Anyone who’s worked on a film set will tell you, “Things don’t always go as planned.” Shoots run late, equipment gets lost, and in some unlucky cases, crew members get injured. For this and countless other reasons, producers purchase film production insurance for each production.
However, determining whether you’ve looking at a great policy or not can often be confusing, thanks to insurance jargon and confusing legalese. In this article, we break down everything you need about entertainment insurance, along with some tips as you navigate policies for your next production.
Film production insurance shields your production from liability up to a specified amount of money. Each insurance policy is different, tailored to your production company’s needs when the policy is bought.
While most film production insurance polices cover on set injury and damage, specialized polices can usually be added on, according to your shoot. The insurance policy for a feature film shooting underwater, for instance, would vastly differ from a policy for a commercial shot on a used car lot.
While one would be more expensive, both policies’ intentions are the same: protect the producer should anything go wrong before, during, or after filming.
In many ways, a film production insurance policy is a lot like a Chipotle burrito – you load up on all the individual items you think you need when you buy it. And if you’re not careful, you might have to pay for it later.
A typical film insurance policy will cover injuries on set, equipment damage, copyright claims, and any car operated for the production, whether it’s a PA going on a meal run or a union truck driver hauling a trailer.
From there, you can add on special policies.
While most film production insurance policies cover the same areas, the amount to which they cover depends on your film production insurance broker. For example, a broker specializing in indie films likely wouldn’t be able to service a big budget studio film, where each A-List has to be insured for millions of dollars each.
It’s not a Mission Impossible film unless Tom Cruise puts his life in danger. His death-defying stunts can make you feel dizzy, especially if you’re an entertainment insurance broker.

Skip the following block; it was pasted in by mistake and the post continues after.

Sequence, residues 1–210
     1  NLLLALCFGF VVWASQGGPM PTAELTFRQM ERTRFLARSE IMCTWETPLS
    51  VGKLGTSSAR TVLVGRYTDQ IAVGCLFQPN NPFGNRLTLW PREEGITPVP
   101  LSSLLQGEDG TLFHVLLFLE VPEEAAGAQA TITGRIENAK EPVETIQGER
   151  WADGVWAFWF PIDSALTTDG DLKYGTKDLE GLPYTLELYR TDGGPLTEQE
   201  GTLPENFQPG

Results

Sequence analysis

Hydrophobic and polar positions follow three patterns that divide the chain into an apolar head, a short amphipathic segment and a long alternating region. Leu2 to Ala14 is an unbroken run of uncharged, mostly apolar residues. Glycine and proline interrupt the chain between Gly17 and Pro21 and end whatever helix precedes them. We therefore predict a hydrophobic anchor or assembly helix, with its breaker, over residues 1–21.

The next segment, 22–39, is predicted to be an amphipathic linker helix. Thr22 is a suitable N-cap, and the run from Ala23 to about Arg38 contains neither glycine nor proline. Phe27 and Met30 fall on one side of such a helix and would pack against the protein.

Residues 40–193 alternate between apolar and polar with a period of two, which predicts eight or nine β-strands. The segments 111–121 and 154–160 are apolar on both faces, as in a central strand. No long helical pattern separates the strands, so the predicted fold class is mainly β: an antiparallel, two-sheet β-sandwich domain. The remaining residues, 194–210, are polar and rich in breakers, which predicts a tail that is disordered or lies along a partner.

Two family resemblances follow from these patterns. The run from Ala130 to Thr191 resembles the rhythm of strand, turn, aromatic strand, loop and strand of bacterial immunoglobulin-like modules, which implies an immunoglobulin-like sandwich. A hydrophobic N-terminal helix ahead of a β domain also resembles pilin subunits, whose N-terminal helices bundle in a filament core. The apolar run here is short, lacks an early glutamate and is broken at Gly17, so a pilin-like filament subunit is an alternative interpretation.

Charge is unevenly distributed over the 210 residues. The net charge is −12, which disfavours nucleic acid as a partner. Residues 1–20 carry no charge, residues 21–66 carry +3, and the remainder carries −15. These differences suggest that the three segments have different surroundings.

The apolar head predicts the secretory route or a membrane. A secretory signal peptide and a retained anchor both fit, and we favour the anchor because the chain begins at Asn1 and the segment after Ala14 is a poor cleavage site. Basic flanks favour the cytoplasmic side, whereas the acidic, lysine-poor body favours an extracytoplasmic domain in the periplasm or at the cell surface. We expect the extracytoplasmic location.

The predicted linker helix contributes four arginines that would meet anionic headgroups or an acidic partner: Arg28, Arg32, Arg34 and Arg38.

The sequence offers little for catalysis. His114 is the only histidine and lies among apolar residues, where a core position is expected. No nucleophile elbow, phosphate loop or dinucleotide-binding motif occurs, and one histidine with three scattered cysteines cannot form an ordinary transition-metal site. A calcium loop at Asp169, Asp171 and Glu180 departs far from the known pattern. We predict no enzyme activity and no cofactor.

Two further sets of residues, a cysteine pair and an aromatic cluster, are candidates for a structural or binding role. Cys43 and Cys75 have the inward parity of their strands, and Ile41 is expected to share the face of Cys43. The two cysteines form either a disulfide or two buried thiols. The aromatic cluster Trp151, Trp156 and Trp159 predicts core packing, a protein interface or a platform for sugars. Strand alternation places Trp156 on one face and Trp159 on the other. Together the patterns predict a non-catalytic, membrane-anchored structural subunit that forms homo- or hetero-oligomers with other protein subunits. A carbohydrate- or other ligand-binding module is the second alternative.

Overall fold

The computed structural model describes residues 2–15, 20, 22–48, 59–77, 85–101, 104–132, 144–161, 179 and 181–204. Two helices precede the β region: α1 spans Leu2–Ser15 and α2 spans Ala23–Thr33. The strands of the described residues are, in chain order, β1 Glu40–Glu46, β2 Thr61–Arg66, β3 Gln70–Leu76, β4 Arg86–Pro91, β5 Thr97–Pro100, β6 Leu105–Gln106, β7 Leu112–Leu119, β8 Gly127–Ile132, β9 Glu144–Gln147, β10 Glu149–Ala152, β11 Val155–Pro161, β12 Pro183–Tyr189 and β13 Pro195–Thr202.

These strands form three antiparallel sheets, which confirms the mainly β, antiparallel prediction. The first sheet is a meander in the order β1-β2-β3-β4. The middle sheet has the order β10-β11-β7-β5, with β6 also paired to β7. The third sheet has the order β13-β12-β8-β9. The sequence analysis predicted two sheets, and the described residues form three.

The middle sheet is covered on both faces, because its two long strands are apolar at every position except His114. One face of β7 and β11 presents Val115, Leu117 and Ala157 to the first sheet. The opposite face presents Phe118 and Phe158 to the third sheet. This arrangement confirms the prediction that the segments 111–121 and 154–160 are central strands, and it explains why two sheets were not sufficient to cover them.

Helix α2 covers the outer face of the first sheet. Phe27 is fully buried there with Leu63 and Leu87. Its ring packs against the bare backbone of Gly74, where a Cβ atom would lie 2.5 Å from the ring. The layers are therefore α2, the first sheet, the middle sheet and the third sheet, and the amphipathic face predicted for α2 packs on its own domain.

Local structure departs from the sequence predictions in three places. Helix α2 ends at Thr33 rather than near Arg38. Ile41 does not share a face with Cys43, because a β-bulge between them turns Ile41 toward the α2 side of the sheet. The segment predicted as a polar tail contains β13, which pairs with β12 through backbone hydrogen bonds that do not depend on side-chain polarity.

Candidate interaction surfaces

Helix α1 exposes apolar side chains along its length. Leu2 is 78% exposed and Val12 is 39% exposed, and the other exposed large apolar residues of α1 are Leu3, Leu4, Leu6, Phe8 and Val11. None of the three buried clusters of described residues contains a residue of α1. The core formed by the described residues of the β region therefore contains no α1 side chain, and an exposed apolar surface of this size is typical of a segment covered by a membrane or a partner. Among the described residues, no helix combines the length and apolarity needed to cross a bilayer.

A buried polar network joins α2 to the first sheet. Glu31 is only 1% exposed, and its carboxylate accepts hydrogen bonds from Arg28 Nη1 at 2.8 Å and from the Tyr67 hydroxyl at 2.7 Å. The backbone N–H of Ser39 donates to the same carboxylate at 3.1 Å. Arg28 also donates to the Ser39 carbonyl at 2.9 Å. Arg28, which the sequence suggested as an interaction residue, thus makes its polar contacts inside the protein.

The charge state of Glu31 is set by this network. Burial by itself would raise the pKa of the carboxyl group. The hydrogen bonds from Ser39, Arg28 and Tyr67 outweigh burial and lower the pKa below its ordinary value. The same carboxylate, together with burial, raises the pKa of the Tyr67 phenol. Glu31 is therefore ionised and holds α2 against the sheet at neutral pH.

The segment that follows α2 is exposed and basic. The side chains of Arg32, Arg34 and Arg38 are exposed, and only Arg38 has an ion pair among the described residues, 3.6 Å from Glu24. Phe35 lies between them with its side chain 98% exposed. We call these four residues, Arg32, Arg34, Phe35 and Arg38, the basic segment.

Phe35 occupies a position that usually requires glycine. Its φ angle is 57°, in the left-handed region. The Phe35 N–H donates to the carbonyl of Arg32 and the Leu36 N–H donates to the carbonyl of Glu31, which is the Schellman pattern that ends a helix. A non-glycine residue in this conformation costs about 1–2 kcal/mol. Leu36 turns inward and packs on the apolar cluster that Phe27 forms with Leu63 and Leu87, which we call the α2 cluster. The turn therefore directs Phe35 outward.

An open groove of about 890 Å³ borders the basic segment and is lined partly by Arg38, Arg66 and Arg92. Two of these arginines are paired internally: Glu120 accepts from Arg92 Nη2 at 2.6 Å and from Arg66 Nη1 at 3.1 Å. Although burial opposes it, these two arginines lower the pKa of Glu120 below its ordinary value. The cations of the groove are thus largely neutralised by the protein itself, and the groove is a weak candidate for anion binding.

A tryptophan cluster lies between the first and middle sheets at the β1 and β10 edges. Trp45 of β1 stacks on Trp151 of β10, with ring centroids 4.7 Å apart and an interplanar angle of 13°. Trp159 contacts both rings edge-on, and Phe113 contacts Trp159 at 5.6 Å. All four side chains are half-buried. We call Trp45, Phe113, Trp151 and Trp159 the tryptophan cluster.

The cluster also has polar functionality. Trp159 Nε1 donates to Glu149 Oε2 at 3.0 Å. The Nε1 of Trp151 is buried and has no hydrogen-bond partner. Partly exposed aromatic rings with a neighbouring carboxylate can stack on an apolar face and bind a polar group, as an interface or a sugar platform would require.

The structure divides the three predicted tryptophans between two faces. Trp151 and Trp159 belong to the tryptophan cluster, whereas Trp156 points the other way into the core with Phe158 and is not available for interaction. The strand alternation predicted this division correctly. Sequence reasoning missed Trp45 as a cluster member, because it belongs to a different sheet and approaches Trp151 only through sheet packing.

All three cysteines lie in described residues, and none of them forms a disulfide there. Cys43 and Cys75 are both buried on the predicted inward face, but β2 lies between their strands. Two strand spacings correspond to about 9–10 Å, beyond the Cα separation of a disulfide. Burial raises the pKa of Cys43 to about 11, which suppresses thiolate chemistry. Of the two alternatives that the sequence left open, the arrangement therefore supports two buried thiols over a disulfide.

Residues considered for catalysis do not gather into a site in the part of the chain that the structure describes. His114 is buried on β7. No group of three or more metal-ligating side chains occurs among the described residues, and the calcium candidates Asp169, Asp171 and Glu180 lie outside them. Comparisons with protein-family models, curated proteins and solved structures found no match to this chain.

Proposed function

2011’s Mission Impossible: Ghost Protocol saw Tom Cruise actually scaling the the Burj Khalifa. But it almost didn’t happen.
As reported, the original production insurance company wouldn’t insure the stunt, because it would be too expensive. But instead of modifying the script, Tom Cruise got Paramount to fire their broker so they could find someone able to cover life-endangering stunts performed by an actor worth half a billion dollars.
Lights break. Costumes catch on fire. Actors catch on fire.
No matter how prepared you and your crew are going into production, when it comes time to shoot, things can go wrong. Entertainment insurance is an important tool to offset the cost of risks that can occur before, during, or after production.
Without a solid film production insurance policy, you can be sued in both criminal and civil courts. Plus, not taking care of your cast and crew is never a good look.
While the chances of your actor catching on fire might be slim, there are plenty of smaller, more common hiccups that can affect even the smallest production.
Traditionally, the owner of a production company or the producer running a production purchases the original policy.
From there, executive producers and back office producers are the usual point of contact with insurance brokers. It’s important to make your point person someone who’s comfortable jumping on the phone, as you’ll speak with your entertainment insurance broker often to secure COIs.
Finding an insurance policy should be one of the first things your production company does, outside of coming up with a great name.
Short term production insurance covers a single production. Whether you’re making a commercial or a film, this type of production insurance is purchased on a project-by-project basis and can cover as little as one day of production.
If you’re shooting many productions in a given year, then you should strongly consider buying annual production insurance. Unlike short term production insurance, annual policies cover all of your productions within a year, making it the best choice for working production companies.
While annual production insurance costs more than short-term, the savings quickly roll in the more you shoot. You should always compare both quotes when looking for film production insurance, especially if you’re shooting two projects in one year.
Like entertainment payroll, you usually have to ask for quote. However, the cost of video production insurance is usually determined by: budget, annual vs. short term policy, and risk level.